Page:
Deer Run is a premier RV resort in northeast Iowa. It’s immaculately manicured grounds include room for RVs of all sizes. Each site is paved and includes full hookups, a picnic table, and a fire ring. The six-acre lake provides a serene backdrop to the greenery of the park. Deer Run has a beautiful bathhouse with heated floors, air conditioning, and laundry machines. Family fun awaits you down the street in Elkader with activities like archery, bowling, kayaking, shopping, and more. Rates vary from $35 to $41.

Blog originally published on TravelIowa.com 


Your Guide to Iowa RV Camping

As originally seen on TravelIowa.com

There is really nothing quite like loading your family into an RV and heading out on an adventure. With your ‘hotel’ on wheels, a full refrigerator, and the open road, an RV makes the journey as much a part of your vacation as the destination.

Where To Rent An RV In Iowa

When renting an RV in Iowa look local; you won’t find Cruise America, USA RV, or El Monte RV Rental in Iowa. Lichtsinn RV in Forest City, Iowa offers both motorized and towable RV rentals learn more here.

How To Choose The Best RV Rental For Your TripWinnebago Intent

When planning for your big RV adventure, it’s important to be honest with yourself about how much room you need in the RV as well as how large an RV you are comfortable driving.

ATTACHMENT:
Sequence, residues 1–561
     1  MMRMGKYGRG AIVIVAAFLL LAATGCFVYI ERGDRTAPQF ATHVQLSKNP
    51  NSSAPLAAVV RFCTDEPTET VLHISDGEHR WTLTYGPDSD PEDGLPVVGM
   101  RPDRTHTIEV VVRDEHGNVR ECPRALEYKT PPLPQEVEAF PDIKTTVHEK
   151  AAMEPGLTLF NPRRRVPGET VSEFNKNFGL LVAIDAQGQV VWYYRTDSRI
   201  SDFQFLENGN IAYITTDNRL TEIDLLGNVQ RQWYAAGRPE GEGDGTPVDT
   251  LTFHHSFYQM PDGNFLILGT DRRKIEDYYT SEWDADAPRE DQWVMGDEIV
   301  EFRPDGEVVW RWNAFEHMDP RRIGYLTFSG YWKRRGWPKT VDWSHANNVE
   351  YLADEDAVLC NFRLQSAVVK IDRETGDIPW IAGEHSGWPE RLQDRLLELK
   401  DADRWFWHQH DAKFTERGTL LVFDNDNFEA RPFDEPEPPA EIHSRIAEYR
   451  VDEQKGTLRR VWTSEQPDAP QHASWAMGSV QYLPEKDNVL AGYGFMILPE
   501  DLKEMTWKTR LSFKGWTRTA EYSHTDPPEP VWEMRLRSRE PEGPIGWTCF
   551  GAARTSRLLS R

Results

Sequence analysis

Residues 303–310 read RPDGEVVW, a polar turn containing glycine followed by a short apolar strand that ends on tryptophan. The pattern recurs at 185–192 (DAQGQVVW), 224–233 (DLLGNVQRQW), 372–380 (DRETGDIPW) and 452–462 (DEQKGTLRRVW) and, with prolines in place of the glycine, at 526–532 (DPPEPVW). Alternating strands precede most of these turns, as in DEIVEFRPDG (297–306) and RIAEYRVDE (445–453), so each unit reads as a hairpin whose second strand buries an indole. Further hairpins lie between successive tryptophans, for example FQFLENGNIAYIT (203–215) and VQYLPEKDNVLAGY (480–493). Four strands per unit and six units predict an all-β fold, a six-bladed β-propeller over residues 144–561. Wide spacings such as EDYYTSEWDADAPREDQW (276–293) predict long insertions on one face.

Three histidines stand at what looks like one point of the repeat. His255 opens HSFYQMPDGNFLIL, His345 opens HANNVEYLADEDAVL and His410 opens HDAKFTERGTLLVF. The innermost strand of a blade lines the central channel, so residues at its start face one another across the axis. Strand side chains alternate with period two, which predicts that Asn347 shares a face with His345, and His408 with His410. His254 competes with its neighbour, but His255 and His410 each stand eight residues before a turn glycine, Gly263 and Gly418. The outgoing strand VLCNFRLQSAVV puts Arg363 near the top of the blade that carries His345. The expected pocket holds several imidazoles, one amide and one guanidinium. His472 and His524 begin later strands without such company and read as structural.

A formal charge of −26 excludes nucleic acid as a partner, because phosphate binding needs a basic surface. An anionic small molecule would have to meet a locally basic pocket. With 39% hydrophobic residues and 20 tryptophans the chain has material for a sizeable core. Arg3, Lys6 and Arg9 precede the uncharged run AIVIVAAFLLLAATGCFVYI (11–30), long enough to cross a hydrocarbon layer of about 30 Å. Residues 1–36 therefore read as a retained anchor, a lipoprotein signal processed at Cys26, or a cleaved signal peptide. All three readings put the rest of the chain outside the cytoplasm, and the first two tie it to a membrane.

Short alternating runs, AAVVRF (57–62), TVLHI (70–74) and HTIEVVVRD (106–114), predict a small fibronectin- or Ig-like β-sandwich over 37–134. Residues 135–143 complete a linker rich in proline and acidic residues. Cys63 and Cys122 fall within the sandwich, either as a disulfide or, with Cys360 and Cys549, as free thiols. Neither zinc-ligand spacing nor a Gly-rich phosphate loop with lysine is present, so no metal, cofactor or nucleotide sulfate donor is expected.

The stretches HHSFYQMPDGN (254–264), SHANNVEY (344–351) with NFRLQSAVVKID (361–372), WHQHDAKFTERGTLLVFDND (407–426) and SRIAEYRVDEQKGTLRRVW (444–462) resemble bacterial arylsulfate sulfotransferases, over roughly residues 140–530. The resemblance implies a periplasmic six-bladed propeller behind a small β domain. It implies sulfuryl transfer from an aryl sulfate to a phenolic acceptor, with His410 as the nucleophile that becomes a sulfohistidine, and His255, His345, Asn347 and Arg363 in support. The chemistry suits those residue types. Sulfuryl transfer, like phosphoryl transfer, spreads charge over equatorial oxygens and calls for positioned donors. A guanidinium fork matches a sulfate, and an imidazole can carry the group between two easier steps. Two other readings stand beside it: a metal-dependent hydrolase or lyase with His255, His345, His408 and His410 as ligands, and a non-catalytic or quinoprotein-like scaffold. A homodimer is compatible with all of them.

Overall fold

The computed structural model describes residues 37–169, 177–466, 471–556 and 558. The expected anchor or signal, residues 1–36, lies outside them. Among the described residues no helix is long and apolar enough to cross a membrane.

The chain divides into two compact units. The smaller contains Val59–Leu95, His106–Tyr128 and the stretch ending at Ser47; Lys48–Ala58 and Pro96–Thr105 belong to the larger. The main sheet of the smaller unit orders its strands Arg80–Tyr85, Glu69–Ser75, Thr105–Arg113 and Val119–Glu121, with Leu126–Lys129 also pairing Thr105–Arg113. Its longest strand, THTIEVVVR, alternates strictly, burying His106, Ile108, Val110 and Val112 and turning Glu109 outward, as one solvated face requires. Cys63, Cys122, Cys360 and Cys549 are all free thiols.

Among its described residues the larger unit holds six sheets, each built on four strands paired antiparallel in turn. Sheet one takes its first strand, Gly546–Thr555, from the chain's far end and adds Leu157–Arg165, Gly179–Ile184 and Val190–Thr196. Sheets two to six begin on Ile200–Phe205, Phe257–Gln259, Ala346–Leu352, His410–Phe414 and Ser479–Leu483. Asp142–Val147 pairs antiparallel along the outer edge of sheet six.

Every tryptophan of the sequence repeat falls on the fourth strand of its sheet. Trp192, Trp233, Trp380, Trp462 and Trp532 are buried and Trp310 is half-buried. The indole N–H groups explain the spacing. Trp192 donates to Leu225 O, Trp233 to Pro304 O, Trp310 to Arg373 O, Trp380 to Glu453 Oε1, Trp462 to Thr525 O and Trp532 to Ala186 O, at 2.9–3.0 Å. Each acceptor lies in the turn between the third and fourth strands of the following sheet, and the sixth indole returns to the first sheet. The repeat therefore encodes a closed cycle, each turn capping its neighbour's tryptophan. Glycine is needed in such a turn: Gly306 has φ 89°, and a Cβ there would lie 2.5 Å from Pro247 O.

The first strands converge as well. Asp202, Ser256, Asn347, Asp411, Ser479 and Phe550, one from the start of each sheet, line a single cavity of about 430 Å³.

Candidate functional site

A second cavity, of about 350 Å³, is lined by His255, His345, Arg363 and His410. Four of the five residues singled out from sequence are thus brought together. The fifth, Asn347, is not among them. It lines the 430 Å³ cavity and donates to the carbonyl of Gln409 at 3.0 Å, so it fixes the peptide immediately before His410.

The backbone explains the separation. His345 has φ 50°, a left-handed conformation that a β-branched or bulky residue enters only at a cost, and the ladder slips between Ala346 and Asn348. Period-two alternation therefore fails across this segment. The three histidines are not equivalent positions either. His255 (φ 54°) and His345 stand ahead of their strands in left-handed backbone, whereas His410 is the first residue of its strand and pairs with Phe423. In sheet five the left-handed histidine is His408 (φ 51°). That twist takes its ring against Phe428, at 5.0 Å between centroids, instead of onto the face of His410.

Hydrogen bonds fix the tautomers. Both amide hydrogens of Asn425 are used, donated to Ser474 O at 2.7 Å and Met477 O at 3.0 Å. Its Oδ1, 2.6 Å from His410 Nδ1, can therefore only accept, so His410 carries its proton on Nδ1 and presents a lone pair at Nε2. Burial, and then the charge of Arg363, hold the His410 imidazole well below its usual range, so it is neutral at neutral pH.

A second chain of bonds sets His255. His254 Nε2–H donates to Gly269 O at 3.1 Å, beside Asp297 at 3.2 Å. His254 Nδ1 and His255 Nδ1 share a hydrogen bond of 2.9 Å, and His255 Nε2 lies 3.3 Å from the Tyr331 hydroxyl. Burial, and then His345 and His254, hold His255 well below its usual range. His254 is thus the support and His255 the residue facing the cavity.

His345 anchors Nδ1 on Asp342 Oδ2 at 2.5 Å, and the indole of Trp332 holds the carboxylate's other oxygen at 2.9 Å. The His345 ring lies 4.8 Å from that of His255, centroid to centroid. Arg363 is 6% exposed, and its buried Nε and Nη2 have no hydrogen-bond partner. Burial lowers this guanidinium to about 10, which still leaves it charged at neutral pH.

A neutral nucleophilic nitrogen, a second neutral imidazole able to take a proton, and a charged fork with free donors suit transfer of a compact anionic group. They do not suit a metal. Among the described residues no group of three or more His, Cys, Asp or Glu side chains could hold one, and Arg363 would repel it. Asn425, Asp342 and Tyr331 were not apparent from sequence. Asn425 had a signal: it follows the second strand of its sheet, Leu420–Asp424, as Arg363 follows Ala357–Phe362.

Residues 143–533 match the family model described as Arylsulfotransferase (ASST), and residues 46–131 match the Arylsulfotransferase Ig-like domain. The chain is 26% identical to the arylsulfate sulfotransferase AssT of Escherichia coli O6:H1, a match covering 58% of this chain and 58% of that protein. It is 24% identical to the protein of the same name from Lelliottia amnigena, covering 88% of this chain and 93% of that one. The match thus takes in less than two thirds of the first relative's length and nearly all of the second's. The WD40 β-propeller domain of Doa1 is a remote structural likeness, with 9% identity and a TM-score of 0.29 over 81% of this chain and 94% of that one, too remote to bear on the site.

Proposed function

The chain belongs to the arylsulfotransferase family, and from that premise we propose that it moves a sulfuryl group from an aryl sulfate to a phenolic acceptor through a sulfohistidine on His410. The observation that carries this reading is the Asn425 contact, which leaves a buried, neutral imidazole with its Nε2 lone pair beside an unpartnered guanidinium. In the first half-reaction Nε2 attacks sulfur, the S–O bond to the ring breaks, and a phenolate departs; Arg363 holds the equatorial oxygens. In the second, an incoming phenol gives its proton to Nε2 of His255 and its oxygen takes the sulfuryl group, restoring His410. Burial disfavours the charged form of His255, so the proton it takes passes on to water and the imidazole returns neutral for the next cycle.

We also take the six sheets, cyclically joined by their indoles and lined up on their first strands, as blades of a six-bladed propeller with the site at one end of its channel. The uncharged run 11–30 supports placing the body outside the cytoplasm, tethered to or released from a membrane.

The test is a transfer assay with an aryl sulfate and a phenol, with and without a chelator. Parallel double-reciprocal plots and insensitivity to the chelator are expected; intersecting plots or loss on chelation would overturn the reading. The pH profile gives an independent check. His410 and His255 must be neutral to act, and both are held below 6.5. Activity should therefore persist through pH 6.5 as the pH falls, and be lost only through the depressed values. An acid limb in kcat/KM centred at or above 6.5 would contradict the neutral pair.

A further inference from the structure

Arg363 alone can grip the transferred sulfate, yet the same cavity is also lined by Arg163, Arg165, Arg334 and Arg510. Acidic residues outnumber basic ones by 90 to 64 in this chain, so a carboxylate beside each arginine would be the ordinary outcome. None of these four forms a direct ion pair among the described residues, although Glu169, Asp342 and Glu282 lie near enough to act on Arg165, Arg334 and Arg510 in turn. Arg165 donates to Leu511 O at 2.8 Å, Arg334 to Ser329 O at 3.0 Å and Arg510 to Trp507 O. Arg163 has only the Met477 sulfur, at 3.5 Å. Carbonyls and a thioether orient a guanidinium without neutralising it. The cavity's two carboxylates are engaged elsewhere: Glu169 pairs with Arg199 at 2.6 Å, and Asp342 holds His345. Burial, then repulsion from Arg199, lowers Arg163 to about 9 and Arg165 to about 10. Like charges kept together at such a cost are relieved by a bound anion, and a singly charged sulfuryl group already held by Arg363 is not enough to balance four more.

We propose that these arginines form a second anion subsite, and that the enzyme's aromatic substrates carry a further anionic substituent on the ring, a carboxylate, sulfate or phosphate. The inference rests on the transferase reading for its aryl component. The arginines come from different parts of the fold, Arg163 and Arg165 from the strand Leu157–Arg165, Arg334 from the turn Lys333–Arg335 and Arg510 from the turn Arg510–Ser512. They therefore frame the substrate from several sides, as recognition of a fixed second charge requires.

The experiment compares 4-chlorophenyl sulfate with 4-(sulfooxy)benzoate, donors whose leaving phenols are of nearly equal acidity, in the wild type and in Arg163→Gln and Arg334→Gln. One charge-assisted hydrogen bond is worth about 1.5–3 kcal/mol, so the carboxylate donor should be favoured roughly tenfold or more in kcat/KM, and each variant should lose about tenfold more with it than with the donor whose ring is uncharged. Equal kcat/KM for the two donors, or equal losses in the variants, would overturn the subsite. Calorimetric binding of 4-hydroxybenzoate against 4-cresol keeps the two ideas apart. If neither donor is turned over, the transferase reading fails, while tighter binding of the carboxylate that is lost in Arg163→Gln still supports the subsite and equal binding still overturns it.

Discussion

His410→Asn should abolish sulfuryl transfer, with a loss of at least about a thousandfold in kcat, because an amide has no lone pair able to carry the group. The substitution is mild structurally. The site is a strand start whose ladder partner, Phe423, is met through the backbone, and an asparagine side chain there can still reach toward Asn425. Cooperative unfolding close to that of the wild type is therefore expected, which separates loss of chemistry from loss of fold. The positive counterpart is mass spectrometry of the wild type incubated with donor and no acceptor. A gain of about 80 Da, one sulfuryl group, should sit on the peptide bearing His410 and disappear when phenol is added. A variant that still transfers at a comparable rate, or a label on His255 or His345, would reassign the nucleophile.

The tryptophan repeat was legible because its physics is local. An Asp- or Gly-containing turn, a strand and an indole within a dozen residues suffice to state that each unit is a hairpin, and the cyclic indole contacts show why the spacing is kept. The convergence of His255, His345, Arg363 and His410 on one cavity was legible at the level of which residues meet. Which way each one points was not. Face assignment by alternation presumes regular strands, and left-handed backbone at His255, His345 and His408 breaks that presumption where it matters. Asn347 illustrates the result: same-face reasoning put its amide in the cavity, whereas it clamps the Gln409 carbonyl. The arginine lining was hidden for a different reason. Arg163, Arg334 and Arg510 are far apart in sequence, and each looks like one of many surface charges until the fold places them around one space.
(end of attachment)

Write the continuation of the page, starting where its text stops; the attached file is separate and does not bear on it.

Types of RVs

Motorhomes fall into three main categories: Class A, Class B, and Class C.

Class A motorhomes are a single unit, built on a custom chassis. Resembling a bus, they range in size from 21-40 feet.

Class B motorhomes are built on a panel-truck shell. Small, just 16 to 22 feet, and very mobile, these are a terrific option for couples or families who will also supplement their adventure with a tent.

Class C motorhomes are built on a van frame with a wider body set behind the front cab. Most recognizable by the over-cab sleeping area in the front, these RVs can be 21-35 feet in length.

RV Interior

Read the Listings

Almost as important as the size of the RV are the features, amenities, and cost per day. It is important to read the RV listing very carefully. A few things to note:

Daily fee


Included mileage per day

Excess mileage fees

Generator usage and fees

Power supply voltage (30 or 50 amp)

Expectations on return- cleaning, waste tanks, and exterior wash

Insurance requirements

Minimum rental age

Also take note of pet and towing policies, what amenities come with the RV such as bedding, cooking utensils and cookware, and cleaning supplies.

How Much RV Space Do You Need?

Though it is tempting to pack as many people as you can into your RV rental, you need to be aware of both the safety and comfort of everyone during your vacation. Two questions you should ask before renting an RV are 1) how many people can sleep in the RV and 2) how many seat belts are in the RV? The numbers don’t always match. A 32 foot Class C may sleep 8 people comfortably (10 if some are children), but have only 7 seatbelts.